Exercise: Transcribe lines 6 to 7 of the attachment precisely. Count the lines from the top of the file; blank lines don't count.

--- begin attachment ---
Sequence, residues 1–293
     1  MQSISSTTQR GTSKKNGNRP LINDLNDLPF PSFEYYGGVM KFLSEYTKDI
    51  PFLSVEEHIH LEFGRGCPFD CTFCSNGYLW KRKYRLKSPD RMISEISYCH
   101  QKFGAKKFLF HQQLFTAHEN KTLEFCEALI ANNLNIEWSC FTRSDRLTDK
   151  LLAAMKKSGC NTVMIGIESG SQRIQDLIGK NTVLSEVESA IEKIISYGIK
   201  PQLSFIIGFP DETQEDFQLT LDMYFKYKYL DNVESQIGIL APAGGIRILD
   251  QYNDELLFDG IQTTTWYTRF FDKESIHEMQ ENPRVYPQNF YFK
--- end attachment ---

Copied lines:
   201  PQLSFIIGFP DETQEDFQLT LDMYFKYKYL DNVESQIGIL APAGGIRILD
   251  QYNDELLFDG IQTTTWYTRF FDKESIHEMQ ENPRVYPQNF YFK